Yay Obama!

Nov. 4th, 2008 08:50 pm
ibneko: (Default)

Yay again!

Now I'm really just watching to see how the Prop 8 stuff turns out. There was a set of four girls outside near a voting place just down the street from my block who were bouncing up and down, waving No to Prop 8 signs and getting people to honk their horns.

I wore my:
[√] GAY

shirt from illinois's LGBT group to support, although... I didn't wander around much on the streets, since we got lunch in the office (we were busy launching something).
ibneko: (Default)
This is slightly disturbing. Apparently, the FBI posted fake links advertising child pornography and recorded all of the IP addresses that access those links. And then when around raiding houses.

slashdot link:

Responses by some security guys:

Original news article:

Why is it disturbing? As the article states: "The implications of the FBI's hyperlink-enticement technique are sweeping. Using the same logic and legal arguments, federal agents could send unsolicited e-mail messages to millions of Americans advertising illegal narcotics or child pornography--and raid people who click on the links embedded in the spam messages. The bureau could register the "unlawfulimages.com" domain name and prosecute intentional visitors. And so on."

And also, there are ways to trick a browser into loading images and links. If I can control content on a page, I can easily use all sorts of ways to force your browser to load another site. http://en.wikipedia.org/wiki/Cross-site_request_forgery, http://en.wikipedia.org/wiki/Cross-site_scripting, and basic head/meta-redirects would work. So essentially, if I knew about the FBI site, and I had an enemy, I could make a webpage that would automatically redirect their browser to load from the FBI honeypot link. And then said enemy would get a lovely visit from the FBI. So while said target did not intentionally click the link, they still get into trouble . . . .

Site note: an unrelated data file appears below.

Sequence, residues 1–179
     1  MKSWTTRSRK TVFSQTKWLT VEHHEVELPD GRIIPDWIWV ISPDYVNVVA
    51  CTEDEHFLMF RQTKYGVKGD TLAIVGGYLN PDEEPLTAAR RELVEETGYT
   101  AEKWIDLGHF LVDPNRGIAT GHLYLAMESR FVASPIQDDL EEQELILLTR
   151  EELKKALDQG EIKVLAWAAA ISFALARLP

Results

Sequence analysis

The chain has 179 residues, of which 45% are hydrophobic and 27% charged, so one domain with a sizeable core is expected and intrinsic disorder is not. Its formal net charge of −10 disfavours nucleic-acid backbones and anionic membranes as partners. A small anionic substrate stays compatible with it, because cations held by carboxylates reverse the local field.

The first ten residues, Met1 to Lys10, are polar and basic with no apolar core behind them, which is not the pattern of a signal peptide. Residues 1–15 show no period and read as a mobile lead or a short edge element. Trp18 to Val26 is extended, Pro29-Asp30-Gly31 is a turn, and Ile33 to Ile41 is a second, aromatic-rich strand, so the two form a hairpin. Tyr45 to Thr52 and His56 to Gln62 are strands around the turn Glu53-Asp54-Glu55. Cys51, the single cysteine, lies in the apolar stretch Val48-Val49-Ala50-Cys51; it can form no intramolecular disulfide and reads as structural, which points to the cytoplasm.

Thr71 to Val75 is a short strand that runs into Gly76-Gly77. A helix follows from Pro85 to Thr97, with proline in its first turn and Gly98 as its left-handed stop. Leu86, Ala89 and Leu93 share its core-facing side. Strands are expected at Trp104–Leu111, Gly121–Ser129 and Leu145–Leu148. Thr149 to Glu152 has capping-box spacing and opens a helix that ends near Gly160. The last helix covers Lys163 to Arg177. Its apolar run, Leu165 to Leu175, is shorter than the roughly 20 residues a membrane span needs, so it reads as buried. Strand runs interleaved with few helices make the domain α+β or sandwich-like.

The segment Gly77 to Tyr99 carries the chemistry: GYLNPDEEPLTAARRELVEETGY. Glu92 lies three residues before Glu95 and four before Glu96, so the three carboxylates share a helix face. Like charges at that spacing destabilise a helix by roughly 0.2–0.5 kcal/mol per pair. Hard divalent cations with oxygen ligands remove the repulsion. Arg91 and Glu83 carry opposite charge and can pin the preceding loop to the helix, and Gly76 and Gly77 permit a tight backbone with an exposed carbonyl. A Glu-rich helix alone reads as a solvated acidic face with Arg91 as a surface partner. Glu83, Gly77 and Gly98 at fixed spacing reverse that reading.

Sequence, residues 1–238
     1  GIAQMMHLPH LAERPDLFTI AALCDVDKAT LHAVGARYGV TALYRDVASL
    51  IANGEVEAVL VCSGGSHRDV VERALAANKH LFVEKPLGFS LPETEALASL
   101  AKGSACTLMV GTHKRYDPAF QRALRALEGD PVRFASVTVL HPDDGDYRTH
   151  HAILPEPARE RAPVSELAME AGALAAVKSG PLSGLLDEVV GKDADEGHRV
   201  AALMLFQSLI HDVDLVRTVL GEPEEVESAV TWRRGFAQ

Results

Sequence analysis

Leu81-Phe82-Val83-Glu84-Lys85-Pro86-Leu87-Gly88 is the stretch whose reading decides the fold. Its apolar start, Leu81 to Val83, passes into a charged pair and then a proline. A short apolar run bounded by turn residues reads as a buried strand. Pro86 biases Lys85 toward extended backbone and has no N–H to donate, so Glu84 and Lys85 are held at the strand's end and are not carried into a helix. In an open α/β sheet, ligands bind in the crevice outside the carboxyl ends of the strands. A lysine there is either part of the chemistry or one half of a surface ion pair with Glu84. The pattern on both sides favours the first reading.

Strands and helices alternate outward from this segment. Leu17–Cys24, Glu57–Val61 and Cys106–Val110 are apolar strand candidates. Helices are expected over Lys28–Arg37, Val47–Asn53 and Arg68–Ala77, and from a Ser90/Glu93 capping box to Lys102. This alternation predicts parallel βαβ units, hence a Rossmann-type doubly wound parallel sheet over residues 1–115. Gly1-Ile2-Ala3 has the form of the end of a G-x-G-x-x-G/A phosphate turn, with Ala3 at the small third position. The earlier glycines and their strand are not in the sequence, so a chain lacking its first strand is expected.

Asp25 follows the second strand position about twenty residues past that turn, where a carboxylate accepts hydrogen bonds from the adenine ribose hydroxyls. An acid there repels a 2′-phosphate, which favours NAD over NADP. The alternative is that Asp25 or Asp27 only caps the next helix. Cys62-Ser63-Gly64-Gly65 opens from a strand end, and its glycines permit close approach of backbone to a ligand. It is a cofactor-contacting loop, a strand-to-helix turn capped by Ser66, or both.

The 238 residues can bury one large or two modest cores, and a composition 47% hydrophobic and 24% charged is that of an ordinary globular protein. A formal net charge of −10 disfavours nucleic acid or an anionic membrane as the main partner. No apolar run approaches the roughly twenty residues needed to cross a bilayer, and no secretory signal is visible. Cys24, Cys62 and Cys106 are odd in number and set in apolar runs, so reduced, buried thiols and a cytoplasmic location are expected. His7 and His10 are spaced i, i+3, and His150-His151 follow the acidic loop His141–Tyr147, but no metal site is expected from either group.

In other tech news:

MD wants to make it a crime carrying up to 3 years imprisonment and a $1000 fine for using someone else's wireless connection.

The best slashdot comment is as follows:
I will never, EVER understand how the following counts as "stealing wireless access":

1) I broadcast my SSID. (Here's a wireless connection world! LOOK OVER HERE FOR IT!!!)
2) User asks, "Can I connect?" (IP address requested.)
3) I say, "Sure you can connect." (IP address loaned.)

Ok, I guess I should do it as a car analogy:

1) I put out a sign, "I will let you borrow my car."
2) You ask, "Can I borrow your car?"
3) I say, "Yes, and here are the keys."
ibneko: (Default)
... )I just the other day got, an internet was sent by my staff at 10 o'clock in the morning on Friday and I just got it yesterday. Why?

Because it got tangled up with all these things going on the internet commercially.

... )They want to deliver vast amounts of information over the internet. And again, the internet is not something you just dump something on. It's not a truck.

It's a series of tubes.

And if you don't understand those tubes can be filled and if they are filled, when you put your message in, it gets in line and its going to be delayed by anyone that puts into that tube enormous amounts of material, enormous amounts of material.

Now we have a separate Department of Defense internet now, did you know that?

Do you know why?

Because they have to have theirs delivered immediately. They can't afford getting delayed by other people.... )

source: http://blog.wired.com/27BStroke6/index.blog?entry_id=1512499
Amusing side entry: http://blog.wired.com/27BStroke6/index.blog?entry_id=1513010

It boggles and hurts the mind how... ignorant he is.

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